A mentor relationship can begin as casually as, “Hey, would you want to grab coffee?” Feel free to vet several candidates—there is no harm in extending your sphere of mature contacts until you find a relationship that clicks. When considering someone as a mentor, remember these two things: 1) All relationships take time; be patient and invest in the long term, and 2) any mentor (like any protégé) is a fallible human wrestling with the hard parts of life. Have hopeful but realistic expectations during the whole process.

When my wife was a freshman in college, she joined a ministry-led backpacking trip through the great Northwest. Along with a passion for “roughing it” in the woods, she picked up an invaluable gift on that trip: a mentor. There was a natural connection between my wife and her group leader, an organic and easy rapport. Although the two’s relationship was rooted in their shared experience on the trip, their mentor/protégé dynamic blossomed after they got home. First, there was an intentional “Will you mentor me?” conversation. The cost was considered and a commitment was made. Over the next several years, their relationship was challenging, messy at times, but ultimately life-giving. The mature perspective my wife gleaned from her mentor during those years forever benefited her understanding of faith, family, marriage and friendship. More than anything else, the fact that an older woman (outside her family) took the time to really listen to and know my wife was an enormous blessing. Her mentor stood in the gap with her at a time when she faced the daunting unknowns of her future.

What Does a Mentor Do?

You’ve found a worthy mentor—so now what? What can you expect from this relationship?

One thing I have never forgotten from my Young Life volunteer training years ago was “half of relationships is just showing up.” Mentors invest time, energy, resources, expertise and friendship into others by making themselves available. There may be no greater defining quality of a truly invested mentor than dependability.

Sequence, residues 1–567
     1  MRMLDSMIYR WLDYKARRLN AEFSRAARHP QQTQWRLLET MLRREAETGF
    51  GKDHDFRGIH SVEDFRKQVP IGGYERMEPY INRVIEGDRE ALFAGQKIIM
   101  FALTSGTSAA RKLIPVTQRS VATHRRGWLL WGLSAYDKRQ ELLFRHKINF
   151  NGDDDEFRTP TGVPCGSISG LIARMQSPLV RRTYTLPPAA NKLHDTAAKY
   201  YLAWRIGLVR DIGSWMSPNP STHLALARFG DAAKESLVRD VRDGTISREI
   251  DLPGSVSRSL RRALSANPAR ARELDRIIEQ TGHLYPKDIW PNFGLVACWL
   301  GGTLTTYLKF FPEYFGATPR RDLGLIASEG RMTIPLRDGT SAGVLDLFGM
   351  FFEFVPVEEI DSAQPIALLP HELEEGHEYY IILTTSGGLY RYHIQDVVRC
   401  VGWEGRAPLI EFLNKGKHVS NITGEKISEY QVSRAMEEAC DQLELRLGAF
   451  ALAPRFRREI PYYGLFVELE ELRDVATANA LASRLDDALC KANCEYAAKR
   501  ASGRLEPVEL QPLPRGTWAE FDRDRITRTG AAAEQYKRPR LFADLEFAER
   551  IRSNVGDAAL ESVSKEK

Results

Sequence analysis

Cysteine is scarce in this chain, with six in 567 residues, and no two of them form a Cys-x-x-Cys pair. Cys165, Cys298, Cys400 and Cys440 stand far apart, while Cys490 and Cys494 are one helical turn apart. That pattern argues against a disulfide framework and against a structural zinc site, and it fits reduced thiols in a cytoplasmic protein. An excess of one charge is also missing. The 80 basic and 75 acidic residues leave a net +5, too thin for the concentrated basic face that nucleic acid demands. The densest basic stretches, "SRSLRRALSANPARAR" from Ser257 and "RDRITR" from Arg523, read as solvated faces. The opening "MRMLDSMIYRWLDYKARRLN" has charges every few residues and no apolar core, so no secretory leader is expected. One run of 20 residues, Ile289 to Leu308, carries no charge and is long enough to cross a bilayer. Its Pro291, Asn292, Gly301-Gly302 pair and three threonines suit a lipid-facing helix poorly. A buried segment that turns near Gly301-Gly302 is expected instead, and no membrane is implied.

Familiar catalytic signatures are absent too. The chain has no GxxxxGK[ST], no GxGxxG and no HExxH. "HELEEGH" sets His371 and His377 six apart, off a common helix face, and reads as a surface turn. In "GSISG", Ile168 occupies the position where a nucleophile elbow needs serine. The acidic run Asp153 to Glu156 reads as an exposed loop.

Jesus was and is the best at this—“the same yesterday, today, and forever” (Hebrews 13:8). His disciples may not have always known what He would say or where He might take them, but they always knew He could be trusted—that they could recline on His chest. In that same spirit, mentors are safe; not judges, but advocates.

In announcing the creation of National Mentoring Month in 2010, President Obama wrote, “[A mentor’s] impact fulfills critical local needs that often elude public services.” There are so many needs in this world. Mentors recognize this and step in where they can. Christian mentors accept the mantle of mentoring as part of their role in ministering the love of God to others: loving the widows, the orphans and the college students stuck in a rut.

The beauty of engaging with someone as a mentor is not only that it builds wisdom and guidance into your life, but that it also paves the way for you to build into others. Any mentor worth their salt knows every master is also a student, no matter where they are in life. Get as much wisdom as you can so you can give it away—so you can pour into others what has been poured into you.

Mentoring is discipleship. Whether exercised in a secular or sacred context, mentors pour out what they have to give: business expertise, marriage advice or help with your taxes. Ultimately, mentoring isn’t community service—it’s the Great Commission.

For opportunities on how you can learn more about and get involved in mentoring check out these organizations:

Young Life ::

The Boys & Girls Club of America ::

The Mentoring Project ::

National Mentoring Partnership ::

What is the greatest lesson or truth that you have learned from a mentor?


Akash Singh